Seahawks fine with Wilson’s height, QB surplus
By Liz Mathews
With the selection of former Wisconsin star Russell Wilson in the third round, the Seahawks now have four quarterbacks.
“That’s what we want,” Seahawks general manager John Schneider said Friday. “That’s an ideal situation.”
Wilson, selected 75th overall on Friday, is the first quarterback the Seahawks have drafted since Schneider and head coach Pete Carroll took over in 2010. He joins a group that includes incumbent starter Tarvaris Jackson, free-agent acquisition Matt Flynn, and Josh Portis, an undrafted free agent who spent his rookie season in 2011 as the No. 3 quarterback.
The Seahawks drafted quarterback Russell Wilson with the 75th pick. (AP)
“We’ll figure that out in time,” Carroll said of where Wilson fits into that group.
The decision on which quarterbacks make the final roster is not an imminent concern. Teams can carry up to 90 players until they must trim their rosters to 75 after the third preseason game, and eventually to 53 after the final preseason game. Under the new guidelines, the 90 players can include active, inactive, and practice squad-players, as well as those on the exempt and reserve lists, unsigned draft choices and franchise-tagged free agents.
“It’s going to take him some time, certainly,” Carroll said of Wilson. “But he’s a great learner, he understands the game. Our guys have been extremely impressed with all of that. He’ll pick it up as fast as a guy can pick it up.”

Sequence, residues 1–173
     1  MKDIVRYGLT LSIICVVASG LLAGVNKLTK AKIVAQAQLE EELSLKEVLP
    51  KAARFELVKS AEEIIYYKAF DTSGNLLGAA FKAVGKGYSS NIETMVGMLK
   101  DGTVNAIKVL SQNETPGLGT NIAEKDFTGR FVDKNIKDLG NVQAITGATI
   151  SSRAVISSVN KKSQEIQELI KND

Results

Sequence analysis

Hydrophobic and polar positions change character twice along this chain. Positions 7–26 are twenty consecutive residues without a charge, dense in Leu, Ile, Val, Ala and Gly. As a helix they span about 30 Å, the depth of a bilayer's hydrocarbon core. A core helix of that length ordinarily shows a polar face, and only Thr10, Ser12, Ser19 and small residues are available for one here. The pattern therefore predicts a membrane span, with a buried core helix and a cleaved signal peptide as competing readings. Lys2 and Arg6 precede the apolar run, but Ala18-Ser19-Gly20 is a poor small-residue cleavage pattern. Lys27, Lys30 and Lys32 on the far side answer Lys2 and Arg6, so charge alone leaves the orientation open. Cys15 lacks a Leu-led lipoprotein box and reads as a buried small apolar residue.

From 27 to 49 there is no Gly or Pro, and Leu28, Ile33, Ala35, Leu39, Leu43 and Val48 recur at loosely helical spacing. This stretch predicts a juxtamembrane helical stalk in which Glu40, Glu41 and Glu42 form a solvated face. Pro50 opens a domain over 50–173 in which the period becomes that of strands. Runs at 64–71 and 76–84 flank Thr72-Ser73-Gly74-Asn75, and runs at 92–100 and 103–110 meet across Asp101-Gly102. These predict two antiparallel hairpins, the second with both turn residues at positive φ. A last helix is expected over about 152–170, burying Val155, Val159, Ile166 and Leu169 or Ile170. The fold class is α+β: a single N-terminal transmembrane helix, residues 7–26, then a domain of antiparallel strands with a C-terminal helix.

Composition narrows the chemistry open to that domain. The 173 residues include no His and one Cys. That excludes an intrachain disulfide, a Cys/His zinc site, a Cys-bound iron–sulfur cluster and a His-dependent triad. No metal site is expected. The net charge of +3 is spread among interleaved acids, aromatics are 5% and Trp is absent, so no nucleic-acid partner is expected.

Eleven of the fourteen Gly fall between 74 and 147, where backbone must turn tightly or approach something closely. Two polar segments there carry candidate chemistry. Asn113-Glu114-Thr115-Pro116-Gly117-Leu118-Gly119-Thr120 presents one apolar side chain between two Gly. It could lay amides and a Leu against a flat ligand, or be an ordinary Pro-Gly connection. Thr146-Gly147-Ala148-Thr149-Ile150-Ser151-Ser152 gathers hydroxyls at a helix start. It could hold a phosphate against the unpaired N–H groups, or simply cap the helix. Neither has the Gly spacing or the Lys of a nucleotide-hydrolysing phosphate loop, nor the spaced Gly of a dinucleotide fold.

Carroll and Schneider said other teams had expressed serious interest in Wilson before the Seahawks selected him, both thinking that would be their last chance to do so.
“So we did what we thought we had to do to get the guy that we thought was an extraordinary player,” Carroll said. “He knows how to play football. Just think of the transition he made to show up at Wisconsin and after two weeks they make him the captain of the football team and they go on to be two plays away from winning the national championship.”
And neither Carroll nor Schneider are worried that at 5-foot-11, Wilson will come up short.
“It’s been an issue all along for him since he was a little kid,” Carroll said. “He’s always been the smaller guy playing since he was a freshman at N.C. State and he was the first guy in the history of the ACC to be an all-league quarterback as a freshman. He started right from the beginning of setting records and doing things that people can’t imagine. We know that he’s found his way.”
Carroll noted that Wilson only had four passes knocked down at the line of scrimmage last season. Schneider referred to Wilson’s feet, agility and natural ability to find the passing lanes as keys to his success in college. Wilson also possess the long arms and big hands the team covets in a quarterback.
“My height doesn’t define my skill set,” Wilson said in a conference call following his selection. “I believe I have all the skills and I believe that you have to work at it every day. I know that I’m 5-foot-11, but I have to stay tall in the pocket, I have to make accurate throws, I have to deliver the ball on time with arc and pace and just play great football, be great on third down, be great in the red zone and do all the things that I can possibly do.
“One thing I can control is my work ethic. I can also control my knowledge of the game, how I study and how I get into the film room and how I just try to learn as much as I possibly can to give me that much more of an advantage.”